My dad says that he's sick of reading my column and not getting a mention. My boyfriend, he says, I mention. My mum occasionally gets the odd look-in. But not my dad. So here you go, Dad, this opening is dedicated especially to you. Although now my friends will probably get pissed off. And my Year 10 are constantly pestering me to include them somewhere. "It's meant to give a positive spin on education," I tell them.
It's interesting to me that, as a teacher, you can't leave your work in school. Everyone thinks that they belong in this column. And they're right, they all have a stake in it somewhere. I don't just bring my work home with me. I bring it to the pub, to the gym, to the queue in the supermarket. Everyone really does remember their best teacher, even though it's not enough to make them leave their air-conditioned offices in droves and join us. Education is a community issue. We've all been to school and, as a teacher, everyone thinks that they understand my experiences in the classroom probably better than I do. When I'm standing in front of a class, I never feel alone. I feel the ghosts of civil servants, education officials, my family, friends and colleagues, all breathing down my neck.
Schools are supposed to be the focus for the community, and if what I've read in the newspapers is true, we'll all be opening 24 hours like my local corner shop. But if that's the case, if I really am part of this touchy-feely, new millennium community, as a teacher I am also denied the right to have a community of my own. It seems to me that teachers are public property, up for examination by everyone. But they only see the teacher. They don't see the whole person, and I don't think that you can separate the two. They are not the north and south of a compass. It all mixes in together at the core.
My pupils think it's hysterical that I have parents. They'll be reading this and they won't be able to look me in the eye on Monday. "She's got a dad," they'll mutter to each other, and then collapse with the giggles. "How's your dad, Miss?" they'll shout in the corridor. I'll have shattered their myth that all teachers spring fully formed from the womb, ready to torment them.
This isn't about professional distance. I know what the bundaries are and I don't want to gossip with my sixth-formers all day about their boyfriends. But I do find it strange that as a teacher, and especially as an English teacher, I'm expected to give something personal of myself while I'm not allowed a personality. Everyone has an opinion, a life experience about education, and yet, as a teacher, I can't have a life of my own. A profession has been created where we're expected to give something of ourselves. God knows, if I billed the DfEE for all the hours of overtime I put in, I'd be a millionaire. But there is no room for our character. What do people want: professional or person?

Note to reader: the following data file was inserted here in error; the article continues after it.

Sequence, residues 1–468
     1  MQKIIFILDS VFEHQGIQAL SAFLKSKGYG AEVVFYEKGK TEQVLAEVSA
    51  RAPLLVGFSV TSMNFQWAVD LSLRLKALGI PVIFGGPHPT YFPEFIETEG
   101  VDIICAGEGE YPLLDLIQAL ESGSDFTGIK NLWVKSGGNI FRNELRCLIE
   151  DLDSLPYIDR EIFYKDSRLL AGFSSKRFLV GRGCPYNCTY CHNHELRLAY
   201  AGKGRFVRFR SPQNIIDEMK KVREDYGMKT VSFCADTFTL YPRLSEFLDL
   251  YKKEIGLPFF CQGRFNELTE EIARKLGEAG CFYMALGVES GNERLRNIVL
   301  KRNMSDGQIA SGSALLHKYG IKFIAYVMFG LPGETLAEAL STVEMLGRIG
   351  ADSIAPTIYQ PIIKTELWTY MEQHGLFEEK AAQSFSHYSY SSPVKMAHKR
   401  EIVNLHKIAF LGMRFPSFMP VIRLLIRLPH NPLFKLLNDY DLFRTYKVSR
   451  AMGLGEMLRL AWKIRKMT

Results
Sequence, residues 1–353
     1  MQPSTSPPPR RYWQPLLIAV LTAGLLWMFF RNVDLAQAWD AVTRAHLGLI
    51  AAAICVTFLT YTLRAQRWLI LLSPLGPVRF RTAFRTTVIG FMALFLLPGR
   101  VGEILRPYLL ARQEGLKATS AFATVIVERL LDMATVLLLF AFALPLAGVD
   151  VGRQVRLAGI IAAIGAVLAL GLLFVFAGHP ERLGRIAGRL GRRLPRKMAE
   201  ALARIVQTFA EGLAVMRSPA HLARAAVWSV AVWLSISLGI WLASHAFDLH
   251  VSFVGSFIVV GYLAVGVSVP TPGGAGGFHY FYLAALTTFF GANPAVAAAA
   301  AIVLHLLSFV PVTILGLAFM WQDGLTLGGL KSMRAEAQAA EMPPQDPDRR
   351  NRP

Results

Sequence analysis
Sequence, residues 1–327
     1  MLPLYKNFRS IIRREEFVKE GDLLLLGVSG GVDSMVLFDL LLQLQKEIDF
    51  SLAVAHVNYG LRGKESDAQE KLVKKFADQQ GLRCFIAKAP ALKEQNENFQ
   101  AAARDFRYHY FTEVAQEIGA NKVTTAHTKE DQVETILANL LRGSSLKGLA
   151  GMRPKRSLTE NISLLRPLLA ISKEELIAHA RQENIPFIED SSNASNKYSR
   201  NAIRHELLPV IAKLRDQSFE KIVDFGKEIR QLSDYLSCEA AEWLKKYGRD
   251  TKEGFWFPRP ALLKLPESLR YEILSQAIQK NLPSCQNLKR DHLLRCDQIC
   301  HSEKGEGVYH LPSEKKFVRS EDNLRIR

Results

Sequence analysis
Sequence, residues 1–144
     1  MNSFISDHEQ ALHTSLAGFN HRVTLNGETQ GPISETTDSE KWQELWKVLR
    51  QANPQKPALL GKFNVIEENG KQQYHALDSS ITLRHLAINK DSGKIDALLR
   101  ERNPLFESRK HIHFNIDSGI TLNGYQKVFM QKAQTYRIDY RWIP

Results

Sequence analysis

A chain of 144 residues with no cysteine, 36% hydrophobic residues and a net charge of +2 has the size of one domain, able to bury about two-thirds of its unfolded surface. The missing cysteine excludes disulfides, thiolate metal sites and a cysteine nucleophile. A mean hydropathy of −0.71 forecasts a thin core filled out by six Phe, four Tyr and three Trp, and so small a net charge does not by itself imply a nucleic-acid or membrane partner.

I know some people who go to work and assume a professional mask that tells others nothing about their lives or their personality. They have a complete demarcation between the personal and the professional. My best friend was recently criticised at her appraisal for sounding too friendly when she answered the phone. My flatmate lives for the weekends. "I enjoy work, but it's a means to an end, and that's it," he says. It's different for me. I can't teach a book and not remember the first time that I read it. I can't see a member of my form and not recall what it's like to be 16 and miserable. A teacher can't function by being purely functionary, and yet, when you invoke the slightest ghost of an outside life, children find it bizarre.
I think that there is something wrong with the image of a teacher in the classroom. We've created a teacher-monster: an android that looks like a person, but has had all the human bits taken out. Children presume that we're all miserable old bastards, counting time until the bell rings.
A teacher's life is believed to be so awful that only the truly mad would take it on. I want to claw some reality back. Let's think holistic. You can't take shares in teachers like they're some kind of Internet start-up. You can't sell teachers as being special and unique, and then deny them the chance to have that special and unique thing: a personality. This column does belong to a lot of people. But it also belongs to me, and we all need to start acknowledging each other's existence.
Gemma Warren teaches at the Latymer school, north London. Email: firstname.lastname@example.org